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06/16/89 Judy Setinc, Special Adm'r v. Joseph C. Masny

June 16, 1989

JUDY SETINC, SPECIAL ADM'R OF THE ESTATE OF JOSEPH MASNY, DECEASED, ET AL., PLAINTIFFS-APPELLANTS

v.

JOSEPH C. MASNY, DEFENDANT-APPELLEE

THE COMPLAINT IN THIS CAUSE CONTAINED THE FOLLOWING COUNTS: I. UNDER THE SURVIVAL ACT (ILL. REV. STAT. 1983, CH. 110 1/2, PAR. 27-6), TO RECOVER FOR DECEDENT'S PAIN AND SUFFERING CAUSED BY DEFENDANT'S NEGLIGENCE. II. UNDER THE WRONGFUL DEATH ACT (ILL. RE

v.

STAT. 1983, CH. 70, PAR. 1 ET SEQ.), TO RECOVER FOR DECEDENT'S WRONGFUL DEATH CAUSED BY DEFENDANT'S NEGLIGENCE. III. UNDER THE FAMILY EXPENSE STATUTE (ILL. REV. STAT. 1983, CH. 40, PAR. 1015), TO RECOVER MEDICAL EXPENSES INCURRED AS A RESULT OF DEFENDANT'S NEGLIGENCE. IV. UNDER THE SURVIVAL ACT, TO RECOVER FOR DECEDENT'S PAIN AND SUFFERING

THE TRIAL COURT GRANTED MOTIONS FOR SUMMARY JUDGMENT IN FAVOR OF DEFENDANT AS TO COUNTS I, II, III, IV, AND

v.

COUNTS VI AND VII WERE DISPOSED OF BY ORDERS OF DISMISSAL.



APPELLATE COURT OF ILLINOIS, THIRD DISTRICT

540 N.E.2d 937, 185 Ill. App. 3d 15, 133 Ill. Dec. 71 1989.IL.909

Appeal from the Circuit Court of Will County; the Hon. Thomas M. Ewert, Judge, presiding.

APPELLATE Judges:

JUSTICE BARRY delivered the opinion of the court. SCOTT and STOUDER, JJ., concur.

DECISION OF THE COURT DELIVERED BY THE HONORABLE JUDGE BARRY

Eleven-year-old Joseph Masny died as a result of severe burns suffered when a can of model airplane fuel exploded in the family garage. Helen Masny, his mother, and Judy Setinc, the special administrator of his estate, filed suit against decedent's father, Joseph C. Masny, to recover damages. Plaintiffs appeal from those orders of the trial court dismissing some counts of the complaint and entering summary judgment in favor of defendant as to the other counts.

Briefly, defendant and his son flew model airplanes as a hobby. The airplane fuel, which is a mixture of gasoline and nitroglycerine, was stored in a one-gallon can attached to a pack of equipment used to fly the model planes. The pack was kept on a workbench in the Masny family garage.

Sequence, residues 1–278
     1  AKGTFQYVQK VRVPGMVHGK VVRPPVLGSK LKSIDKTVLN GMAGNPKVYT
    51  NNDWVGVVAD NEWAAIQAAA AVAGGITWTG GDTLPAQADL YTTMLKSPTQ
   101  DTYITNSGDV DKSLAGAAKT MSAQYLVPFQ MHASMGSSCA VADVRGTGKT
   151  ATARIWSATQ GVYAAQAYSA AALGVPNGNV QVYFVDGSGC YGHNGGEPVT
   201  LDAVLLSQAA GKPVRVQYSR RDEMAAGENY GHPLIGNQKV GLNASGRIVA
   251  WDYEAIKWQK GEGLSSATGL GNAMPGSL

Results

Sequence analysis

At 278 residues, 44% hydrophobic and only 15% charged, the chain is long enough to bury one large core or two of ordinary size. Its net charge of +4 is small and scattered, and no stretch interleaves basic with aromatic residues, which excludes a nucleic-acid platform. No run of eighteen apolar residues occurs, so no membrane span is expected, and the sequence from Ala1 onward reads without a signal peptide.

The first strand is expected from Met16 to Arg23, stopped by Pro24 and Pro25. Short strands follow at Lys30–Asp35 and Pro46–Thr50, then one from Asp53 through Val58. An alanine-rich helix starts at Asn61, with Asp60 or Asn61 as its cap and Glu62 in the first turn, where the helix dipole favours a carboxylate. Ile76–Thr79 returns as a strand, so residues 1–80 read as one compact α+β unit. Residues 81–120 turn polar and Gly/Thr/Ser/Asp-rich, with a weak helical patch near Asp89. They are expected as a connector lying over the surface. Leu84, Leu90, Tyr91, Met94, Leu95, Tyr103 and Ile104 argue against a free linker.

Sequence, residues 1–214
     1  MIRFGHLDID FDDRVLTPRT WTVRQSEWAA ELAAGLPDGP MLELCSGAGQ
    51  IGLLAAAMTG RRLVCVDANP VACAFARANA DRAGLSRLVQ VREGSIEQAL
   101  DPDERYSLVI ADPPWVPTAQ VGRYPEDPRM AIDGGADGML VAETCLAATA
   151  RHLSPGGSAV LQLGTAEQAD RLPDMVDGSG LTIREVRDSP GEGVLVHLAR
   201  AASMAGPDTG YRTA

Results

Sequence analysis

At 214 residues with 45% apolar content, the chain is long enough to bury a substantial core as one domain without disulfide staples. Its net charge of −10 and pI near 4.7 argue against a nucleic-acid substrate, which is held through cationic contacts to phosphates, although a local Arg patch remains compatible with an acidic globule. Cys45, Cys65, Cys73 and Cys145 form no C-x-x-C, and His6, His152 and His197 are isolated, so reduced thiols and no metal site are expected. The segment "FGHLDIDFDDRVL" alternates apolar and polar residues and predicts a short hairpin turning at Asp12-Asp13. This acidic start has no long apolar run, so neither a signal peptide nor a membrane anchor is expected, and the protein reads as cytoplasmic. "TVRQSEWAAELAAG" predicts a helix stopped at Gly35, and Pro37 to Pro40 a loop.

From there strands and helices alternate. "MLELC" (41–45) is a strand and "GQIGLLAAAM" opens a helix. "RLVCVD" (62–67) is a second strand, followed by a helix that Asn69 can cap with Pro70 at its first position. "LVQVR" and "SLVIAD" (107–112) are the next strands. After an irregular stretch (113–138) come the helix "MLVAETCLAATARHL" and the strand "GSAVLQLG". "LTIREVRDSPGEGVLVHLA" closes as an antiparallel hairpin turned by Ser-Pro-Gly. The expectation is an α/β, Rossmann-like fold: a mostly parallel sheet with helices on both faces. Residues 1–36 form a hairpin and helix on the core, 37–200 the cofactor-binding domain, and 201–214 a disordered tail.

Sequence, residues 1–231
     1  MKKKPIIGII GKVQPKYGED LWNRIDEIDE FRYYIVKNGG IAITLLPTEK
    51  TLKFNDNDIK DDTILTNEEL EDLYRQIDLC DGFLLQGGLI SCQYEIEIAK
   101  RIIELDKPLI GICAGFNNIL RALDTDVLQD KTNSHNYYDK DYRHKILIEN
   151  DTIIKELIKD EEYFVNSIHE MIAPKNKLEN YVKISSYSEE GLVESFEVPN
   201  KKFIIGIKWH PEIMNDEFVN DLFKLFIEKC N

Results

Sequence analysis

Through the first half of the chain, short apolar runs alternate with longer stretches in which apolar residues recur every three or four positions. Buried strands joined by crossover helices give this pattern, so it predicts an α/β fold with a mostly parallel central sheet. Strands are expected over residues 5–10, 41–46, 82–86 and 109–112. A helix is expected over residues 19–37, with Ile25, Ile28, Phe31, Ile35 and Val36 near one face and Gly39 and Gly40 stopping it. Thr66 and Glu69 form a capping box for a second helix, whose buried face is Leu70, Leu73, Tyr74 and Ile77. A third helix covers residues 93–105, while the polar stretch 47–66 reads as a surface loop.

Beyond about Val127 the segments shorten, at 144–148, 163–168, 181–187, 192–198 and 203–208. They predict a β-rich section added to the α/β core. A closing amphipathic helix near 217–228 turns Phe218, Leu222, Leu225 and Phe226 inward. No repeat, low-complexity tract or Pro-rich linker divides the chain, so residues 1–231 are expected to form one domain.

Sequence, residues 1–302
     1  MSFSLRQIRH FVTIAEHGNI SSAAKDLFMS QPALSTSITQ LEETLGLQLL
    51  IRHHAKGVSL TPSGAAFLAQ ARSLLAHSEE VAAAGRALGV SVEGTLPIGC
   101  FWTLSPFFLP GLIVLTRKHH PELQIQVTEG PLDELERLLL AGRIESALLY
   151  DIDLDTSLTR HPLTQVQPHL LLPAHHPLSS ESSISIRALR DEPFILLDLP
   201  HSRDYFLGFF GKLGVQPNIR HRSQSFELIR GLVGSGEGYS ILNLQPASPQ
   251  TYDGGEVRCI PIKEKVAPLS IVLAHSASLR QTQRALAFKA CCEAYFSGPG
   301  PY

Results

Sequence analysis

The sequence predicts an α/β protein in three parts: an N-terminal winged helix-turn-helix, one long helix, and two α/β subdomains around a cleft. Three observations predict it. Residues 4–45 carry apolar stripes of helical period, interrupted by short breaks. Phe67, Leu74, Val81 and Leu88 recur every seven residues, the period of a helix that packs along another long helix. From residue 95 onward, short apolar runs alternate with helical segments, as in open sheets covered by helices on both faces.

On the morning of June 29, 1984, defendant locked the garage when he left for work, but later plaintiff Helen Masny left the garage unlocked when she went to the store for groceries. While she was gone, decedent and a friend went into the garage to play. Decedent lit a candle, set the candle on a board, and, using the hand pump on the fuel can, began to pump some model airplane fuel onto the burning candle. The fuel can exploded, and decedent was severely burned. He died in December of 1984 as a result of the burns.

caused by defendant's willful and wanton misconduct. V. Under the Wrongful Death Act, to recover for decedent's wrongful

caused by a nuisance maintained by defendant. VII. Under the Wrongful Death Act, to recover for decedent's wrongful

death caused by a nuisance maintained by defendant.

Plaintiffs' first contention is that the trial court erred in ruling that the common law doctrine of parental tort immunity is a bar to the causes of action grounded in negligence (counts I and II) brought by the administrator of decedent's estate against the father. Plaintiffs challenge the public policy reasons advanced in support of the doctrine.

One of the cases plaintiffs rely upon is Schenk v. Schenk (1968), 100 Ill. App. 2d 199, 241 N.E.2d 12, where a father's cause of action against his daughter arising out of an accident where she struck her pedestrian father as she drove the car was allowed on the ground that the daughter's allegedly tortious conduct had no direct connection with the family relationship. While the court there recognized an exception to the immunity doctrine, the court also spoke in defense of the doctrine as follows:

"[There] are no impelling reasons for eroding or emasculating the family immunity rule for conduct of either parent or child arising out of the family relationship and directly connected with the family purposes and objectives in those cases where it may be said that the carelessness, inadvertence or negligence is but the product of the hazards incident to interfamily living and common to every family. In such instances the immunity doctrine is neither unjust, unreasonable nor without a sound and solid foundation. To hold otherwise is to inject into the courts a judicial supervision over everyday family conduct of parent and child, and invites endless litigation over what is or is not ordinary negligence in the operation of a household. The ...


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